Chemistry is a fascinating science. The design of atoms and molecules allows life to exist. Science fiction writers have tried to convince us that there could be life out in space that is radically different from life on Earth. The subject of this discussion is not whether there is life on other planets or moons. If God created it, then it will be there, and we will find it. But life requires polar molecules.
Skeptics have maintained that to be open-minded about life in space, we must look for life based on something other than the CHNOPS. (CHNOPS is carbon, hydrogen, nitrogen, oxygen, phosphorus, and sulfur.) Why not life based on silicon, iridium, cesium, iron, and chlorine?
A basic biology principle that most of us learned in high school is that to exist, life requires polar molecules. That means there has to be an abundance of a molecule with a positive and a negative end. On our planet, the molecule that meets that requirement is water.
The oxygen molecule is designed so that when it combines with two hydrogen atoms, it forms a water molecule that has a positive and a negative end. This design enables water to do a variety of things necessary for life. Water moves things around, dissolves other compounds, conveys nutrients into cells, and carries away waste. Other polar molecules, like amino acids, proteins, or DNA, could not be manipulated and used without water. Life requires polar molecules.
Astronomers have discovered methane and ethane on planets and moons throughout space, but they cannot support life because they are not polar. The media have brought attention to the moons Titan and Europa, which both seem to have oceans and rivers of methane and ethane. Other moons such as Enceladus, Ceres, Ganymede, Callisto, Dione, and Triton are chemically active and have some water, but they are dominated by non-polar chemicals. Chemical studies of the 4000 plus exoplanets astronomers have discovered do not show any other polar molecules in abundance.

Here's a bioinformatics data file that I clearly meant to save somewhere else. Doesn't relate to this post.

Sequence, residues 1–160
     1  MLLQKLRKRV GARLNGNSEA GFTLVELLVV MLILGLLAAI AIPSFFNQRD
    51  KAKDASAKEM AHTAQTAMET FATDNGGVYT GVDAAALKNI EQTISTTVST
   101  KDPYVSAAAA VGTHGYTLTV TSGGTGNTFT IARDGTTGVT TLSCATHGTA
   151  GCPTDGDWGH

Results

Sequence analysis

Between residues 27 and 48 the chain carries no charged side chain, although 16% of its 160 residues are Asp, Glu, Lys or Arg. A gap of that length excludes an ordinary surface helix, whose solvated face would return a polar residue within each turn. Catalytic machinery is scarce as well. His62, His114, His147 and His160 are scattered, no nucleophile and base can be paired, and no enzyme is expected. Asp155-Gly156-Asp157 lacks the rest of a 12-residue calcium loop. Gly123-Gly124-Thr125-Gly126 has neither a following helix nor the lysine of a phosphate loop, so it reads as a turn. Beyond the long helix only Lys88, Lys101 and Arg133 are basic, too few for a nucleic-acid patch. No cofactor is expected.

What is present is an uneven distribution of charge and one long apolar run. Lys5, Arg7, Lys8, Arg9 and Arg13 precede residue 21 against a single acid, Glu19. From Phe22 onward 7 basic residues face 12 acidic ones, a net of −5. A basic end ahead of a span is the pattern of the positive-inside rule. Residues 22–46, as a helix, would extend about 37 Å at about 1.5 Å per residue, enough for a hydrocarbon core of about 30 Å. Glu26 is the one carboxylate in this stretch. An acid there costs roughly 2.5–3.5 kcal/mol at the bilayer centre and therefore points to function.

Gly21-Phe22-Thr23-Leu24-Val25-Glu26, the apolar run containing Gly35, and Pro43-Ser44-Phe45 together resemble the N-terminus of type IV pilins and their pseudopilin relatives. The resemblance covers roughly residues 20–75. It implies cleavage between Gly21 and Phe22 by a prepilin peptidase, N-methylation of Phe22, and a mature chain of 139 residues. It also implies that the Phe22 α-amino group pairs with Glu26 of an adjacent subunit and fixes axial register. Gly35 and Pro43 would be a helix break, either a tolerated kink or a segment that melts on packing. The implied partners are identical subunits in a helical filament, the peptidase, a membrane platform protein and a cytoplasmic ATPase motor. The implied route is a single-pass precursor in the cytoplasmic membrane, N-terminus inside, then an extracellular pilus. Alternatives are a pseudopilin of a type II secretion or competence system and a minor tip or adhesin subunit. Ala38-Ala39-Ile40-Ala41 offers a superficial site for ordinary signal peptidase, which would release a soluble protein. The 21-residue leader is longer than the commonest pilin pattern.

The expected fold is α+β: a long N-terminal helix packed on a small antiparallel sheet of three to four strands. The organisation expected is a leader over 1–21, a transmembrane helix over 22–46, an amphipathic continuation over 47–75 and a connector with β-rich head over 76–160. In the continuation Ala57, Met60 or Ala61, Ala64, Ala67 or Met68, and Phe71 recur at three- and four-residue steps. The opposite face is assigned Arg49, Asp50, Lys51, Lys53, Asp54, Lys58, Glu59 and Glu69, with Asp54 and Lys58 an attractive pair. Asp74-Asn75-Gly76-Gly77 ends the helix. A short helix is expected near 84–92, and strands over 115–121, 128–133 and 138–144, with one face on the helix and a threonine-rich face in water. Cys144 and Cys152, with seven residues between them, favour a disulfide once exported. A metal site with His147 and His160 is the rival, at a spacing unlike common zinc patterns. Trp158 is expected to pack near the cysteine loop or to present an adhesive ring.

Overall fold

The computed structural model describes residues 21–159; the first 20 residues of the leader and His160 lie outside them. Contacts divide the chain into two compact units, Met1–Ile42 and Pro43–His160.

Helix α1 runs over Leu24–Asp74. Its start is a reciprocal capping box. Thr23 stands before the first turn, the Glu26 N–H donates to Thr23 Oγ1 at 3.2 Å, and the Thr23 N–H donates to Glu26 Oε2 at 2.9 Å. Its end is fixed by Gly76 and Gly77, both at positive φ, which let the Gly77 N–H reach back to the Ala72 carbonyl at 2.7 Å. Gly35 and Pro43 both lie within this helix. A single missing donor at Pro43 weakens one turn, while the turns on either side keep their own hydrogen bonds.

Life has to follow some basic rules. One of those rules requires polar molecules in abundance for any kind of life to exist. An oxygen atom has eight electrons, but its structure allows only four electrons in its outer orbit. That is important because the outermost orbit is the only one that allows other elements to share electrons to make a compound. The four inner-orbit electrons with their negative charge cannot be shared. That automatically means that the oxygen side of any compound, such as water, will be negative, and the other side will be positive. This principle is the starting point for biochemistry, and it is a design invented by an Intelligence that established the rules for life.
When my students saw this in basic chemistry, there was always someone who would say, “Wow! Who thought that up?” As a public high school teacher, I was not allowed to say “God,” but the message is clear without being said.
— John N. Clayton © 2020
For more on this, see the article titled “Looking for Life in the Universe” by Dr. Morgan Cable in the January 2021 issue of Astronomy magazine (page 46-48). Dr. Cable is the supervisor of the Astrobiology and Ocean Worlds Group at the NASA Jet Propulsion Laboratory. Her research is about looking for life and habitability in space